Creating an accurate family tree may be a challenge. But, if you’ve discovered errors already in your family tree, it’s more doable than you may think. These 6 secrets can help you refine your searches and find the most accurate information for your genealogy.
Get sloppy with spelling
Before licences and other strict spelling records, name variations were extremely common. Even census workers often misspelled names. Or, because they were in a hurry, they abbreviated in strange ways. For example, Margaret may have become Margret or Magret very easily on a record. That’s to say nothing of a difficult-to-spell surname. Be flexible with your names from the 1800s back!
You don’t need to travel to do genealogy
Almost everything nowadays is online or quickly being indexed. You can do almost all of your genealogy right at home. And even if a record is inaccessible online, sites like Ancestorcloud reach out to on-site genealogists who can get you the information you need.
Beware of errors
Many times, overzealous amateur family historians will connect family members of a similar name and place without checking facts. Especially when building off of other people’s trees, you may find “parents” that actually died prior to their children’s birth or a marriage date. Or, you may find an ancestor who apparently lived for over 150 years! Search for the original sources if you can, and take dates with a grain of salt. Familysearch.org has some features that can catch this kind of misinformation.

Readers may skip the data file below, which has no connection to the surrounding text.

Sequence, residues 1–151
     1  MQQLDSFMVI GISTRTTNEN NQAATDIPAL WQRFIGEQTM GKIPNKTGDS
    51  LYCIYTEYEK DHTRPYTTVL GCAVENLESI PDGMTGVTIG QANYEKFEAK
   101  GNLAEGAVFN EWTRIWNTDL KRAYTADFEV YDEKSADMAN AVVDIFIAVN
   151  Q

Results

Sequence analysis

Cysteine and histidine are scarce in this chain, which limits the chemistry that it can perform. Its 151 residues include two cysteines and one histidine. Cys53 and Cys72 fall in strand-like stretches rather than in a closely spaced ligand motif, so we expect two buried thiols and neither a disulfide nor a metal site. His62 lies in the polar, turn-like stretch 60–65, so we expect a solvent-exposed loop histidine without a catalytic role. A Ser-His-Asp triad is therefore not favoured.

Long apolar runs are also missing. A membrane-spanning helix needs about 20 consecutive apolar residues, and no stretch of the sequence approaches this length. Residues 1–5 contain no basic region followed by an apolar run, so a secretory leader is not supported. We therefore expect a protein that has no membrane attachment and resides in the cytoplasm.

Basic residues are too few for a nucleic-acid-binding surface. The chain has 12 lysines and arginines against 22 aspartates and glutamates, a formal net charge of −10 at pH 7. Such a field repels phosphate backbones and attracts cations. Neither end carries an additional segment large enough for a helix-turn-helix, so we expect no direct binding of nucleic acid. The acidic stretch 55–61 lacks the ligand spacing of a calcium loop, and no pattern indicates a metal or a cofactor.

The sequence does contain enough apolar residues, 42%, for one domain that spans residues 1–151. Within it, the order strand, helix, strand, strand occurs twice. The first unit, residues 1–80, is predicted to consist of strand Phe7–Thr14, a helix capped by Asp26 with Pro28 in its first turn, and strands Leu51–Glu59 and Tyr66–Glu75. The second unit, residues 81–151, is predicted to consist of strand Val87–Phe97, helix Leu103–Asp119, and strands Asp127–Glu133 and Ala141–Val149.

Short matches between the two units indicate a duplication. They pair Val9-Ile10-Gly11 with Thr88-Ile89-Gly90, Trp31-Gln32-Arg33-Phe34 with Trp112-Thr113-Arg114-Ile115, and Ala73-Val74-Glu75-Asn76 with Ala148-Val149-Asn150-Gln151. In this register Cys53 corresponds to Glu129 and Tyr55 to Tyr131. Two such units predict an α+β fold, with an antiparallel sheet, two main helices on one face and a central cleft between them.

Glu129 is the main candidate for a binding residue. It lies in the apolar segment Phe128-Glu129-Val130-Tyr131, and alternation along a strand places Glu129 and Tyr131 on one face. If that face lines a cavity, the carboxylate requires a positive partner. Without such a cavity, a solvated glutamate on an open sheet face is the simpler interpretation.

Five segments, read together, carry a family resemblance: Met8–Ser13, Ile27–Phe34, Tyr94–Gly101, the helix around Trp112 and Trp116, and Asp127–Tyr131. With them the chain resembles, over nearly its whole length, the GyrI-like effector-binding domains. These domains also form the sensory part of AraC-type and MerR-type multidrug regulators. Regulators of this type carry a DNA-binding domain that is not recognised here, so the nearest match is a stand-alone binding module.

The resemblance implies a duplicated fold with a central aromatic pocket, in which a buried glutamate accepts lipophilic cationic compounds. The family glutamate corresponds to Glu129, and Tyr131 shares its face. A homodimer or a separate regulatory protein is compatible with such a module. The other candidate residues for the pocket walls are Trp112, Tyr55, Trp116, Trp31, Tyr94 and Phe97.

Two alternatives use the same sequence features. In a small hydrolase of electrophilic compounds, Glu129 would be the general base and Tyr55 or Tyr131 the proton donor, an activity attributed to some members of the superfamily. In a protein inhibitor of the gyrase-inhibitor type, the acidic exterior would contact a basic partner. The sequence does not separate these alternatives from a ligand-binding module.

Talk to your older relatives
And do it today! Write down what they remember, or get audio recordings of their stories. Then find records: photos, articles, obituaries, military papers, etc. Getting your information from the original source will keep it as accurate as possible. Plus, it’s fun to find these articles firsthand!
Be flexible with military records
If you’re having trouble finding the records of a veteran ancestor, especially during WWI and WWII, try searching for a slightly earlier birth year. Many men lied about their ages to be able to enlist in these wars.
Oral and family histories may not always be true
People embellish, underplay tragedies and shame, or forget simple facts. Like the genealogist’s version of the telephone game, facts distort through the generations. Your family may not have actually come over on the Mayflower or fought in the Revolutionary War, despite how fascinating and important these stories may sound.
Your surname also was probably not changed by customs at Ellis Island. Many families actually changed their own names on arrival so they would sound more American. Make sure you research these kinds of stories carefully to get the truth of your ancestry.
How have you made your family tree more accurate? We want to hear!